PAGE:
An ideological battle
There are substantial economic interests involved in this conflict, as both sides seek to control the oil and gas resources in the area. In the shorter term these resources can satisfy the military and civilian demand for makeshift fuel. In the longer term they could generate considerable profit. However, the conflict in the northeast does not stand between loot-seeking warlords. At the core lie profound ideological differences between the two sides.
"The Islamist groups see women like machines that just live to take care of their men," says Sozdar, one of the female militia commanders serving in the frontline. "This is completely contrary to our ideas."
While all of the Syrian Kurdish political parties promote gender equality and a secular democratic system, their adversaries seek to establish an Islamic caliphate and introduce Sharia legislation. There is no middle ground to be found between these two political ideals. Far from all Kurds support the PYD, but almost no one would prefer the rule of the Islamists.
Hearts, minds and protection
The north-eastern corner of Syria is dominated by Kurds, but many Syriac and Armenian Christians also live here. The relations between these groups are generally characterized by trust and cooperation. While some Christians have misgivings about the Kurdish nationalist project, such concerns are clearly outweighed by their strong fear of the Islamists. Some have joined the YPG or Asayish, while others have set up their own armed units that co-ordinate their activities closely with the Kurdish militias.
The Arab population constitutes a wild card in the ongoing power struggle in the northeast. No one has yet been able to conclusively win the majority over on their side. Traditionally, Arabs here have often stood close to the regime, but now they need to look elsewhere for protection. Substantial numbers have fled to the Kurdish areas after their towns and villages have been captured by Islamist groups. Some have even joined the Kurdish militias in order to drive the Islamists back out. At the same time, there are clearly others that have welcomed the arrival of these groups. Yet others might be prepared to support moderate rebel forces if they would only gain a stronger presence. Last but not least, the regime is still in the game, although it has been severely weakened.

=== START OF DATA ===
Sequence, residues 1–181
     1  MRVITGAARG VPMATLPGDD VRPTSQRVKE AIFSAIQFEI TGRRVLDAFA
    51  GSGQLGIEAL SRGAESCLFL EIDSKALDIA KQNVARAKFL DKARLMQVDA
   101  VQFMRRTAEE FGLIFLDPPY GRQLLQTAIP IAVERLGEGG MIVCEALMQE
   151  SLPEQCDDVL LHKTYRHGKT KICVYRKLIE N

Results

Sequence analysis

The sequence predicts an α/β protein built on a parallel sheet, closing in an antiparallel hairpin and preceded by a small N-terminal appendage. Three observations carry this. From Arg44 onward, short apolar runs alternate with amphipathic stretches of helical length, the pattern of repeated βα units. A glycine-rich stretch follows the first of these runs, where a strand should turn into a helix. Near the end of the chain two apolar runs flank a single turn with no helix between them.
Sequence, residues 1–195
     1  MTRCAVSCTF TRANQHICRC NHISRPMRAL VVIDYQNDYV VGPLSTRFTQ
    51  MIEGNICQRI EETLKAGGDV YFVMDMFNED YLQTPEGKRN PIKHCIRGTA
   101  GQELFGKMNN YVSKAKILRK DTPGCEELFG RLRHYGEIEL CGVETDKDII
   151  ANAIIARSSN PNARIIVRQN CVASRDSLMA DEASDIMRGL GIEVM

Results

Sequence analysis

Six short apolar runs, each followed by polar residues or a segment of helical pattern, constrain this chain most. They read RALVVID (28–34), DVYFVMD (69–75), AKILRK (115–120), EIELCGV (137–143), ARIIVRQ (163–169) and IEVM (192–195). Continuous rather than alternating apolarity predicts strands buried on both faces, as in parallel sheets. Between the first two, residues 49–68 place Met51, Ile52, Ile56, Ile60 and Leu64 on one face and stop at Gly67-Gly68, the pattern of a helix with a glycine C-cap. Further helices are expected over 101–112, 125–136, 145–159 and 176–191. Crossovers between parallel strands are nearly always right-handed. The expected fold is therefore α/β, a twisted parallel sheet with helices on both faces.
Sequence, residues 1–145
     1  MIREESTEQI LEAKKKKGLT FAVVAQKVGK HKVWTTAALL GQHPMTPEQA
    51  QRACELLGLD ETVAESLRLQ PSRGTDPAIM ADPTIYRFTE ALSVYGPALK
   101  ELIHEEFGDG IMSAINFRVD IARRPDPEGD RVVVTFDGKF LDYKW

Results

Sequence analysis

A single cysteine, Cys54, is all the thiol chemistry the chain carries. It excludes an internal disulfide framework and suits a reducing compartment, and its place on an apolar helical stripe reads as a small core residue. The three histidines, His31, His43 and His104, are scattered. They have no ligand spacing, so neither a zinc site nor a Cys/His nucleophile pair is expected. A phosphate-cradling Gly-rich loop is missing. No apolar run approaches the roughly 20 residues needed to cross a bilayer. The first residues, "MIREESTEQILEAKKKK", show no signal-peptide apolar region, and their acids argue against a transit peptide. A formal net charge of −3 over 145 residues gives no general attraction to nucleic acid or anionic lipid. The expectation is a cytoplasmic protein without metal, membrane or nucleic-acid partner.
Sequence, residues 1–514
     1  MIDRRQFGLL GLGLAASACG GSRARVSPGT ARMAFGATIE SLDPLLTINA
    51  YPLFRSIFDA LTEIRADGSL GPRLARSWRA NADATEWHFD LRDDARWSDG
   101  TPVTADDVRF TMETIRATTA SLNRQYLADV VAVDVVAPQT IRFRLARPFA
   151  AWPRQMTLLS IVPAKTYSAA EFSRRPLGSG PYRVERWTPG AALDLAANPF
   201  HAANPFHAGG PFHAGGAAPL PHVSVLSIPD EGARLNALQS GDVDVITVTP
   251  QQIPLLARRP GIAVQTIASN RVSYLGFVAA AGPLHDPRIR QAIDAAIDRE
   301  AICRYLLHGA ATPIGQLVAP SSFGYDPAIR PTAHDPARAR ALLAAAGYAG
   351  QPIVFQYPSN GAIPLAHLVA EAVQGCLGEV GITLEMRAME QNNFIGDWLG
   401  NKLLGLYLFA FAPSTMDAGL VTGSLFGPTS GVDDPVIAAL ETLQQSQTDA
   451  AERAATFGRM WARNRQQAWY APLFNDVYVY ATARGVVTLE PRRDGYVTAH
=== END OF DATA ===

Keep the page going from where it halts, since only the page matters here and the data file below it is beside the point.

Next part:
The other enemy
In one of the main roads passing through the city of Qamishli, a statue of Hafez Assad stands untouched in the middle of a roundabout. Tattered and bleak regime flags hang behind the soldiers standing a few meters away on the pavement. This is the checkpoint that marks the entrance to one of the remaining regime-controlled areas in a city that is otherwise mostly in the hands of the Kurdish militias.
Critics, including Syrian Kurdish politicians, accuse the PYD and their militias of directly cooperating with the regime. Indeed, it is hard to believe that there would not be any sort of agreement between them. Supporters of the Kurdish militias argue that they only tolerate these remaining islands of regime presence because they fear heavy civilian casualties in the case of direct confrontation. The destroyed cities and traumatized populations of Aleppo, Hama and Homs demonstrate what might otherwise lie ahead.
Unlike many of the Arabs and at least some of the Christians in the city, the Kurds feel no love for the regime that has oppressed them for decades. This goes for the PYD and their militias as much as for anyone else. However, while they may be on the verge of clearing the northeastern corner of Islamist groups, the situation further west is far more critical. Initiating hostilities with the regime at this point in time would mean getting involved in a two-front war. Sooner or later, something has got to give in Qamishli. For the Kurdish militias, it would clearly rather be later.